The Court of Appeal found two important differences between the OSC proceedings and the class action, which made a class proceeding preferable. The court noted that the scope and nature of the OSC's jurisdiction and remedial powers, and the lack of participatory rights provided to investors in the OSC proceedings were found to favour a class proceeding.
After reviewing the Supreme Court of Canada's decision in Committee for the Equal Treatment of Asbestos Minority Shareholders v. Ontario (Securities Commission), the Court of Appeal held that section 127 of the Securities Act, "Orders in the Public Interest", is not intended to serve as a compensatory or remedial provision with respect to harm done to individual investors. Rather, the provision empowers the OSC to regulate capital markets in a way that protects both investors and efficiency. In contrast, the purpose of a class action is to assess civil liability issues such as breaches of a fiduciary duty, a duty of care owed to investors or to quantify the harm allegedly caused by such breaches. In other words, to obtain relief for investors (monetary or otherwise) who have suffered losses as a result of the defendants' alleged conduct.
As well, the Court of Appeal found that the OSC proceedings did not provide comparable procedural rights to that of a class action. In particular, there was no attempt to notify the affected investors of the OSC settlement hearings and neither the investors nor their counsel attended or made submissions. Moreover, the substantive portions of the hearing took place in camera and the amount of compensation the defendants agreed to pay as part of the OSC settlements was calculated without any opportunity for the investors to participate and without any details in the record of the OSC proceedings as to how the amount was calculated. The investors were not intended to be parties to the OSC proceedings nor were the proceedings intended or designed to provide the investors with access to justice for purposes of adjudicating the claims advanced in the class action.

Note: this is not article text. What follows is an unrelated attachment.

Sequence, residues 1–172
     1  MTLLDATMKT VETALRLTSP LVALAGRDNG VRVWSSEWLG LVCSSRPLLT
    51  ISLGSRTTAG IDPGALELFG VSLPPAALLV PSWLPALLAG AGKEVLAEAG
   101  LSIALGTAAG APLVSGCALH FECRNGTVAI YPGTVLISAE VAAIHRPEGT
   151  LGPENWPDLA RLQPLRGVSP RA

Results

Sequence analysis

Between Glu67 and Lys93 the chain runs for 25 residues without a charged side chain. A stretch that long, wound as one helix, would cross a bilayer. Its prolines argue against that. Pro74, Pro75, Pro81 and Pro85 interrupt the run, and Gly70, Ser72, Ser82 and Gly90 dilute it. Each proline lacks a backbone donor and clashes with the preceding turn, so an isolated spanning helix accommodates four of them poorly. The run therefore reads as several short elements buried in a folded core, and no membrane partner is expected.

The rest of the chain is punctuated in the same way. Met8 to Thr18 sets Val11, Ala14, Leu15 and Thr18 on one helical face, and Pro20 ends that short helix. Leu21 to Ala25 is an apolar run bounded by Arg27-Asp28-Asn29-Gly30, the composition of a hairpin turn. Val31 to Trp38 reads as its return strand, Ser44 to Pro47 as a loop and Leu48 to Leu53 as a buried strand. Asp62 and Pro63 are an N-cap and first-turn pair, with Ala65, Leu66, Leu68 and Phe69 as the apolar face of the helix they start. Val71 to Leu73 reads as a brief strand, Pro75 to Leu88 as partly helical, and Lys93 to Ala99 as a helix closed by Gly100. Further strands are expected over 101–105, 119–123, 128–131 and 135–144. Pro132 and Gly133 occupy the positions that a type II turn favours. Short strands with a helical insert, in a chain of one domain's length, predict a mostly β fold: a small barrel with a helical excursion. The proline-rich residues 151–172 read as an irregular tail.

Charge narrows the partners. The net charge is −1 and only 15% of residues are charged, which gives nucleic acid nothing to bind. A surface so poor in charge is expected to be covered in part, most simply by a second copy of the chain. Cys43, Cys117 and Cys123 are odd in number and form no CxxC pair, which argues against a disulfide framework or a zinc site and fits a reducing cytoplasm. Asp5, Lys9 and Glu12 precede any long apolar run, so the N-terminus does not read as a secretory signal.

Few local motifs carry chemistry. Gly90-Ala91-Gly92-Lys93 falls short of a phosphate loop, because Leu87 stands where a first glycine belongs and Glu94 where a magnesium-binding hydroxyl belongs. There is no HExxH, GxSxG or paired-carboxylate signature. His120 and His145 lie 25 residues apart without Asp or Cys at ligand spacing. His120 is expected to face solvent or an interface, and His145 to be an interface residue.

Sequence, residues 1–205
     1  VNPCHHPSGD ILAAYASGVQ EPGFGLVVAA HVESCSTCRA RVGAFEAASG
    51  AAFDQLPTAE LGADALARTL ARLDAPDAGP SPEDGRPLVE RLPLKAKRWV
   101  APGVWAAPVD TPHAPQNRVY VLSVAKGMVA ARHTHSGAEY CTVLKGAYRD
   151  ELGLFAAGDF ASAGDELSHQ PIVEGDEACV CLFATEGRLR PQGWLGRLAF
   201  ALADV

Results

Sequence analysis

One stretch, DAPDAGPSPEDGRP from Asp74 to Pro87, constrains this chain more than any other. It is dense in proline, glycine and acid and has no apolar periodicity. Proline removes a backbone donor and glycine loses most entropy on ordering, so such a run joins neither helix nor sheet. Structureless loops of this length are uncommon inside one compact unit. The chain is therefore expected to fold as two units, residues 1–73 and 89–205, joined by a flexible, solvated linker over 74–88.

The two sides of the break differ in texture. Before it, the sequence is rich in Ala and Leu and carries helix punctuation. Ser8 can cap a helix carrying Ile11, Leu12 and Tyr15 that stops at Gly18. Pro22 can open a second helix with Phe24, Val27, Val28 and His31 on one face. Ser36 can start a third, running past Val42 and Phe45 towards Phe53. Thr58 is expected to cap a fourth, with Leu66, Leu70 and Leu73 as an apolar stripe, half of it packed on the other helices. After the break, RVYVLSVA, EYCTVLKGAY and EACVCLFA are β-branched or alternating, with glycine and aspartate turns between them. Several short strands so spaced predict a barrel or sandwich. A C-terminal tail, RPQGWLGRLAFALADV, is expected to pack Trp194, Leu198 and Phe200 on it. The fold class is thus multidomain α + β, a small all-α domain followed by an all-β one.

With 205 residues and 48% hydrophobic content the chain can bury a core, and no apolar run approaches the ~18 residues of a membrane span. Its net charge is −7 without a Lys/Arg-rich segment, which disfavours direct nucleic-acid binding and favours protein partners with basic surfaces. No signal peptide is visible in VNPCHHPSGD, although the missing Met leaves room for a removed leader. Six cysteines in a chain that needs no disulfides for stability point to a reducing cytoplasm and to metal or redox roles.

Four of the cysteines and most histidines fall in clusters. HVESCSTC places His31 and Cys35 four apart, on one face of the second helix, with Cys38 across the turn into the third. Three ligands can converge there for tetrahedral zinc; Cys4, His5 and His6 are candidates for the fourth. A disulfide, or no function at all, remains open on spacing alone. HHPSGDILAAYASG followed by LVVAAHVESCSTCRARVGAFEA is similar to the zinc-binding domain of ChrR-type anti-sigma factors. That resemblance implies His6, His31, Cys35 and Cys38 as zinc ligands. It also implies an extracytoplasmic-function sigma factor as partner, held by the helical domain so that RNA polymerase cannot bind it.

The Court of Appeal held that the motion judge incorrectly viewed the OSC proceedings as if they were a reasonable alternative to a class proceeding, by ignoring the essential differences between the scope of the OSC's jurisdiction and remedial powers and a class proceeding and by failing to consider the participation of the investors in the OSC proceedings. As the issue of whether a class proceeding was the preferable procedure was the only bar to certification in the court below, the Court of Appeal dismissed the mutual fund managers' appeal and upheld the Divisional Court's decision to certify the proceeding.
In this decision, the Court of Appeal makes it clear that the analysis of whether an alternative proceeding is preferable to a class proceeding requires a thorough consideration of the central characteristics of the alternative proceeding as compared to the class proceeding, and provides an analytical framework for that determination.